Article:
Good luck!
 

Shredder

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yeah, come to think of it reading the papers is a little idealistic. typically they are so specific and convoluted that you wont understand a thing anyway until after youve worked in the lab for a long time. and yeah, they will dump more papers on you than you care to read after meeting you. its probably futile trying to understand exactly what goes on in the lab; try reviewing the lab website if it has one--they tend to cater more to newbies.
 

Darth Asclepius

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I don't see anything wrong with reading a paper or two beforehand. The problem is if you try to talk about it like you really know what it's all about (which is probably not the case), but if you can get a general idea and ask a couple of relevant questions, the PI might be impressed that you took an interest in his/her work and thought of logical and relevant questions. Scientists like to know that you can think for yourself, not just repeat what you read.
 

logos

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At least get a feel for what field the PI is working in before you go. If you go ahead and put togeather an application, you may want to include assays with which you are particularly familiar (if you've had some previous lab experience..if not..no worries). This is especially helpfull if a technique that you have done needs to be performed, but no one in the lab has done it before.

I would say the most important thing is just to be enthusiastic and interested in the work. If the PI is in a pure science area, you may want to play down your interest in medicine, as it seems that some PIs in basic sciences have one or two experiences with premeds joining the lab just for their resume, then leaving before contributing anything significant.

If you're genuine and in it for the long term, that will show and you'll certainly find a position somewhere.

good luck
 

Darth Asclepius

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If the PI is in a pure science area, you may want to play down your interest in medicine, as it seems that some PIs in basic sciences have one or two experiences with premeds joining the lab just for their resume, then leaving before contributing anything significant.
This can be very true. My PI hates pre-meds (and I have to remind her when she's bashing pre-meds that I am going to med school). Her response is usually "You're different" but it still makes me mad. She thinks that doctors are lazy and incompentent. Although this is not necessarily the norm, you should be aware that some scientists don't take pre-meds seriously. Unfortunately that's because too many "resume builders" before you have made a terrible impression. This happened in my lab this past year. A pre-med agreed to do some undergrad research, stuck with it for 3 weeks, then quit. He told me he hadn't been interested in research at all, but that he thought it would look good on his med school applications.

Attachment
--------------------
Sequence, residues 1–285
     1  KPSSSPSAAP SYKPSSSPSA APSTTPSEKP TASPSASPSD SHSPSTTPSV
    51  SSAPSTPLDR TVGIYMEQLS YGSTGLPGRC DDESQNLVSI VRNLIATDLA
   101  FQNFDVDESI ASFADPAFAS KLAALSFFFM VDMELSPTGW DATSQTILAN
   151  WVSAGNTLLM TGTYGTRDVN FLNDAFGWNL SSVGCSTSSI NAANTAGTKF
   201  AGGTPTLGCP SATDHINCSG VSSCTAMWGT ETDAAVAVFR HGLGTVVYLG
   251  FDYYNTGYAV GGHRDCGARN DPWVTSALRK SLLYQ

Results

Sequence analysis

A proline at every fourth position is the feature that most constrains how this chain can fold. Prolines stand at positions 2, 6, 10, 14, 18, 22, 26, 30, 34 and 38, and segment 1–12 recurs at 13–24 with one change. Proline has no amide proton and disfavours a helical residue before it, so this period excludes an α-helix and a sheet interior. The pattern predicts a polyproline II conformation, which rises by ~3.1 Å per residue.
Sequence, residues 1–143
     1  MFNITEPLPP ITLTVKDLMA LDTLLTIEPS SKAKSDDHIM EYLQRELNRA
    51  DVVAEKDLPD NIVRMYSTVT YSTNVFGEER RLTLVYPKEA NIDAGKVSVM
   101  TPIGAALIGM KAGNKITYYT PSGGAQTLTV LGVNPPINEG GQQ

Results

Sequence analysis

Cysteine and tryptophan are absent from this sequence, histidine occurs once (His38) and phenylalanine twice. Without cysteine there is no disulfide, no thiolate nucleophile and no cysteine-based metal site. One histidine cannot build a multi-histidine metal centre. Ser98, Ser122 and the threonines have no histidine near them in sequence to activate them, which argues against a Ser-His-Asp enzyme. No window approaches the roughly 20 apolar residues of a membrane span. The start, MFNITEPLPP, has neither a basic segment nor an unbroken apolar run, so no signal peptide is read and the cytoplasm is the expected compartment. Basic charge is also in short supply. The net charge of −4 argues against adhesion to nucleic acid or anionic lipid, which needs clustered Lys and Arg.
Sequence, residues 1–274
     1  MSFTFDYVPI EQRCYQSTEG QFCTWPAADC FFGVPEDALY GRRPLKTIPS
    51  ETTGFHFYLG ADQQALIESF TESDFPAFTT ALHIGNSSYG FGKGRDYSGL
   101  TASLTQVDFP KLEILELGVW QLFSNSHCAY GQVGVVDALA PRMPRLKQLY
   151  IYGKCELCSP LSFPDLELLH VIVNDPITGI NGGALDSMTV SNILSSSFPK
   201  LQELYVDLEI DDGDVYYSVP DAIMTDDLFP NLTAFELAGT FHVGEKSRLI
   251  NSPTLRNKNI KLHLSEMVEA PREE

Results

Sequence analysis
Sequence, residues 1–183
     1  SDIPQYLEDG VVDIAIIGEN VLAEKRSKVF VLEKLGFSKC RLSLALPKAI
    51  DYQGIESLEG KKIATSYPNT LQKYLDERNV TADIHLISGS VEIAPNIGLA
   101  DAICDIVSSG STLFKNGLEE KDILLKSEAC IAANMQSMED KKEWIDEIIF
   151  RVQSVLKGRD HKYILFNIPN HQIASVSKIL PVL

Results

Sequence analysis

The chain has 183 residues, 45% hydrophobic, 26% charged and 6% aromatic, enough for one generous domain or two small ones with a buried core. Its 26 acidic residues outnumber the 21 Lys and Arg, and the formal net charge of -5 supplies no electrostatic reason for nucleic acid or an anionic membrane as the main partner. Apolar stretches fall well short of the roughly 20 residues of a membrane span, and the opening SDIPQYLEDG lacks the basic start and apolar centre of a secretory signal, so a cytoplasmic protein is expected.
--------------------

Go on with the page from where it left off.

wendywellesley

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Darth Asclepius said:
This can be very true. My PI hates pre-meds (and I have to remind her when she's bashing pre-meds that I am going to med school). ........ She thinks that doctors are lazy and incompentent. Although this is not necessarily the norm, you should be aware that some scientists don't take pre-meds seriously.....
i've found this a lot, science profs bashing pre-meds, med students and doctors. it's like they have some inferiority complex. it gets really old and annoying hearing science PhDs go off on people in medicine.
 

Acherona

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Actually, I think the most important thing is to emphasize your committment to stay for a significant period of time, usually two years. There is a steep learning curve and it's not worth it to train someone who is going to be leaving soon. Just my $.02
 

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Get a review article or two on the research area in which the lab is working on.
 
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americanangel

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Wow thanks everyone for your response. I'm looking forward to Friday but I'm still nervous at the same time! Hopefully all goes well!